Sunset Beach is really two towns, one on the island and one on the mainland, with completely different vibes, but the sense of community crosses the waterway and pulls the two together.
Located about 32 miles north of downtown Myrtle Beach, just across the North Carolina state line, this tiny island, only three miles long, is the southern-most of a string of barrier islands that forms the southern tip of the state. Known as the Brunswick Islands, these narrow spits of land are technically east of U. S. Highway 17 but are geographically south-facing so that both sunrises and sunsets can be enjoyed by anyone who happens to be there at the appropriate time of day.
Originally called Bald Island, perhaps as a nod to Bald Head Island located about 30 miles to the east, Sunset Beach was named by developer Mannon C. Gore, who purchased the property from the Brooks family in 1955 for the tidy sum of $60,000. Soon afterward, Gore purchased another 500 acres of mainland property along the Intracoastal Waterway from International Paper Company with the intention of creating a resort town.
At that time, the only access to the island from the mainland was by boat, so Gore set about designing and building a bridge across the waterway. In 1958 he installed a one-lane, floating pontoon bridge that was operated by a system of cables and hydraulic motors (see Old Sunset Beach Bridge for more) and which served the town for over 52 years. Today, the sleek 21st Century Mannon C. Gore Bridge soars 65 feet above the waterway and over the spot where the old bridge once stood.
In 1960, Gore also built the original fishing pier on the island called the Vesta Pier. It was named for a Civil War era blockade runner, the Vesta, which ran aground on a sandbar in 1864. Most of the cargo was unloaded and the steamer set on fire to keep it out of Union hands, but the skeleton of the ship remained in the shallow waters. When the present pier was built in 1976, its 900-foot length extended out beyond the Vesta, so the pier was built over her. Today the ship’s remains still lie buried in the sand beneath the pier.
During the 1960s and 1970s, the town grew as local developers purchased more land from International Paper Company. Several golf courses were built during the Grand Strand golf heyday of the 1980s and 1990s and they remain today as part of the town's recreation scene.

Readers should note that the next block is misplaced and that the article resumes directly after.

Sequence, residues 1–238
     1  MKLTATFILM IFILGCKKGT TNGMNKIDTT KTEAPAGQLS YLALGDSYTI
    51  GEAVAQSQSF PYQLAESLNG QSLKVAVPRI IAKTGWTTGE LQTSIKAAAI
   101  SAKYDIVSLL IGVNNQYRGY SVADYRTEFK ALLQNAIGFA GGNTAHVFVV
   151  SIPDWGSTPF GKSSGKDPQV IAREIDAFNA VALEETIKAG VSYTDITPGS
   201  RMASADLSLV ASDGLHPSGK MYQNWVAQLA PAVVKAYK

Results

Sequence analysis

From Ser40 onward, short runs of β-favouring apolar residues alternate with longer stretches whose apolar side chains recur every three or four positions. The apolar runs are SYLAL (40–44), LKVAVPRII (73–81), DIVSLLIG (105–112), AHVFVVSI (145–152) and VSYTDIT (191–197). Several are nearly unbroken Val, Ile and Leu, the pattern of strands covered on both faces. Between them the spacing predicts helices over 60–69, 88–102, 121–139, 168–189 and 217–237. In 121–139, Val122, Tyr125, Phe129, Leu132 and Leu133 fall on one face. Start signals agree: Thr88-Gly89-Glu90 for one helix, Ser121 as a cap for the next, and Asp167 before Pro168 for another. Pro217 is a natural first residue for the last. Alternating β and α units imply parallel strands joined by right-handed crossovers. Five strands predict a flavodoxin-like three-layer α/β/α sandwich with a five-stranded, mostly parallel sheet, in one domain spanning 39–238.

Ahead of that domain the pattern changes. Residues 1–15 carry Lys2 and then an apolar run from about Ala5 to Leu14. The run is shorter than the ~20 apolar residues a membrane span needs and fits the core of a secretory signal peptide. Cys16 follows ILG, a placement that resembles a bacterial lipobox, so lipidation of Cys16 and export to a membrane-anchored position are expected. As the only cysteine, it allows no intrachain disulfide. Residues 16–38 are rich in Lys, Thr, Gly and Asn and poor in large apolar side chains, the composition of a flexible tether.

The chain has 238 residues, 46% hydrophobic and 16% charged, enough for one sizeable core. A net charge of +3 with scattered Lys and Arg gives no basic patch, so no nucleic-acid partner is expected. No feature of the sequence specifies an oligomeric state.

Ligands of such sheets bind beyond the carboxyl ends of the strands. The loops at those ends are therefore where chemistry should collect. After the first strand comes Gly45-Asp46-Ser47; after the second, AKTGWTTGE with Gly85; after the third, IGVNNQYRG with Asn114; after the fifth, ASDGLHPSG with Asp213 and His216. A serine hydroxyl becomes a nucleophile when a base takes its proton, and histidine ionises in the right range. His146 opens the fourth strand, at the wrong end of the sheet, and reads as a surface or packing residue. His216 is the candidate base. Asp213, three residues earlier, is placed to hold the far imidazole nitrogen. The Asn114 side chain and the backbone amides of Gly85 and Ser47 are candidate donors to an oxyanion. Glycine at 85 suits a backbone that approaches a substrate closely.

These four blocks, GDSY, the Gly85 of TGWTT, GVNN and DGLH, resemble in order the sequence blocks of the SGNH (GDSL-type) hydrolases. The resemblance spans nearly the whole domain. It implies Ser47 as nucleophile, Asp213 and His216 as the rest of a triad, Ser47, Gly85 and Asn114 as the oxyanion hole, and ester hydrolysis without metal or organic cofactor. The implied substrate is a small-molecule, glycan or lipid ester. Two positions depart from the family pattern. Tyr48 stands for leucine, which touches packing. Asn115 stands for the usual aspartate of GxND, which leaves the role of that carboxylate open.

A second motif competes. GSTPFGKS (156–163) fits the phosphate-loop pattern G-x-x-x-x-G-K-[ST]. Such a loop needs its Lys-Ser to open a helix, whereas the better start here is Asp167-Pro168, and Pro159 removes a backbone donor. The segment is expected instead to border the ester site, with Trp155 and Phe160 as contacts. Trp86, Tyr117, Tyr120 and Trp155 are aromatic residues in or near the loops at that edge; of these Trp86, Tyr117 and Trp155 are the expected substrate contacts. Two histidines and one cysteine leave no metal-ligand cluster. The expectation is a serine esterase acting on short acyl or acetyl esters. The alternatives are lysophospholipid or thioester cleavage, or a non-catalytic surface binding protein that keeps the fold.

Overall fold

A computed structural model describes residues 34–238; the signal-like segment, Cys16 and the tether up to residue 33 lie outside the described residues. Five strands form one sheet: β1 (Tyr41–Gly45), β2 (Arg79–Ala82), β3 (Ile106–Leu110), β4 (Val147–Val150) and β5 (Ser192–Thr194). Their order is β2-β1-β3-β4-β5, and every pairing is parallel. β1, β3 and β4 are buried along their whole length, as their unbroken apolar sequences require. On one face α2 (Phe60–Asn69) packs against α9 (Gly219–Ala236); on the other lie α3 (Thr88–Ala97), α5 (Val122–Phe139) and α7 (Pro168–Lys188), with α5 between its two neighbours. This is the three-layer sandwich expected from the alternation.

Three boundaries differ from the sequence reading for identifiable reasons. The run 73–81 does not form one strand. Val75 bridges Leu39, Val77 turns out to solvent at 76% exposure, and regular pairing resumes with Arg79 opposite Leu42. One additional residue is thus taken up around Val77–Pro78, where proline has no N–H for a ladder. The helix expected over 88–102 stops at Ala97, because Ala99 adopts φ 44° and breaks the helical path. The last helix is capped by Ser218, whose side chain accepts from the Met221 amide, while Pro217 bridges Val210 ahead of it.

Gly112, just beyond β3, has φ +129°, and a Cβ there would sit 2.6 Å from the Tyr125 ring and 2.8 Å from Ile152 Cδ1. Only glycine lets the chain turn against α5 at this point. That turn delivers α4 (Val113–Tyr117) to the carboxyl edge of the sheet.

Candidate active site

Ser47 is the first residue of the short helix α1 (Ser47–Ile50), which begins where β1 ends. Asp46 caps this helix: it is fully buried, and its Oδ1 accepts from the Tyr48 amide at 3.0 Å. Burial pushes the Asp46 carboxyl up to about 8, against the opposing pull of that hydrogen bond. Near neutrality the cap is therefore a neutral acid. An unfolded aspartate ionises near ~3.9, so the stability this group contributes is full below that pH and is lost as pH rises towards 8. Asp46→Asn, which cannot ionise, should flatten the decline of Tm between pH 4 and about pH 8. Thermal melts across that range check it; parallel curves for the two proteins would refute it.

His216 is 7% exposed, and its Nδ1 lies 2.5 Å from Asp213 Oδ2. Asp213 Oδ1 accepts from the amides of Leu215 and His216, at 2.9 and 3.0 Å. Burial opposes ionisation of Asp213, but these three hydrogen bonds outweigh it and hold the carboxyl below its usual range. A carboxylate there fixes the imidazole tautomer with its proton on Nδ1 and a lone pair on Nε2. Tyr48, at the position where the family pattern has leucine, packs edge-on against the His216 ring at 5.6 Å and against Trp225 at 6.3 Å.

Because of the limited access for so long, the island itself saw little development. Clusters of wooden beach cottages dotted the island and there was no commercial development. Even today you won’t find any high rises here and the community is mainly residential. There are only a handful businesses that include three vacation rental companies and a couple of general stores. There only two restaurants, one on the pier and one at the Island Market.
There are 32 public beach access walkovers on the island going both east and west of the pier. Next to the pier is a pavilion and a handicap accessible walk over with 57 spaces of public parking in the lot.
On the eastern end of the island, Main Street ends at private gated development, but you can cross over a public beach access to reach the beach and then walk to the tip end of the island where Jinks Creek separates it from Ocean Isle Beach. For birders, this is one of five local birding spots on the North Carolina Birding Trail, and you’re likely to see lots of skimmers among others.
Go west on Main Street and you’ll come to the end of the road overlooking the marsh. A few public parking spaces are here and you can use the public beach access to reach the beach.
Walk westward to Bird Island. Once separated from Sunset Beach by Mad Inlet, the inlet filled in some 20 years ago extending the island beyond the South Carolina state line to Little River Inlet. Bird Island is a North Carolina Coastal Reserve, so you’ll see many kinds of birds in this protected bird sanctuary. You’ll also come upon the Kindred Spirit mailbox where you can write down your thoughts and dreams and leave them for fellow travelers to read.
Gore’s vision of a resort extended beyond the beach to the mainland where restaurants, shopping, and recreation could be found. Today that’s still true. There are three golf course communities offering recreation/residential living and a shopping and residential community called the Village at Sunset Beach that is similar to Myrtle Beach’s Market Common, but on a smaller scale. It includes townhouses, restaurants, shops and the Ingram Planetarium, a top-notch science center.
The Town of Sunset Beach has a population of just under 4000, but they are an active community interested in quality of life. A town park, community history museum, festivals and events keep residents busy when they aren’t beachcombing. It’s all part of living in an island paradise.
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